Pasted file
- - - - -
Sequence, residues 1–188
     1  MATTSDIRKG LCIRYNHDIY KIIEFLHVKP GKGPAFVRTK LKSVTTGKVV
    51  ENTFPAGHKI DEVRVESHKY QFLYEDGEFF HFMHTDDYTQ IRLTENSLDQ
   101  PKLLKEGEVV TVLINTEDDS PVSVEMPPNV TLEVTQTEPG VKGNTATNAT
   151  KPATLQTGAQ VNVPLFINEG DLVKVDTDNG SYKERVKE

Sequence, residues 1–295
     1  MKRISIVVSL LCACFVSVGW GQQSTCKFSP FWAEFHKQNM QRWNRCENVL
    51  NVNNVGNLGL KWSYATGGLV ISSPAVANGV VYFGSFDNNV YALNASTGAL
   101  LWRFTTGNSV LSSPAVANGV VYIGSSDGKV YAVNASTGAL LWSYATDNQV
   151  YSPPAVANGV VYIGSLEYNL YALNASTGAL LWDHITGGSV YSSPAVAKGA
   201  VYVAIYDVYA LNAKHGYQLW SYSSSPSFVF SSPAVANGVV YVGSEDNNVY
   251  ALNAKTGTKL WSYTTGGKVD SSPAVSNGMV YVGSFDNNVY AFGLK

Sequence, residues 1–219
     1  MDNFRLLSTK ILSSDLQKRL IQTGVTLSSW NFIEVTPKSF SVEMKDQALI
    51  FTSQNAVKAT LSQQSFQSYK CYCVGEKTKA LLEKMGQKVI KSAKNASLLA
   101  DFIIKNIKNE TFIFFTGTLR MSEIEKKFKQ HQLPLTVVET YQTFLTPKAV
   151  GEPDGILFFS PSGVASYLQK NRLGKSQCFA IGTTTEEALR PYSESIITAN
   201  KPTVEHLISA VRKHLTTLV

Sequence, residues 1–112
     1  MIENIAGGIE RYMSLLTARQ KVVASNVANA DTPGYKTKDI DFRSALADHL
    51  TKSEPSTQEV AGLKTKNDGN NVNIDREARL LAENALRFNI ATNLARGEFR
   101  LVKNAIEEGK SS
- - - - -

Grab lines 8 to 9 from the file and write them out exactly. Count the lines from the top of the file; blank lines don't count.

    51  NVNNVGNLGL KWSYATGGLV ISSPAVANGV VYFGSFDNNV YALNASTGAL
   101  LWRFTTGNSV LSSPAVANGV VYIGSSDGKV YAVNASTGAL LWSYATDNQV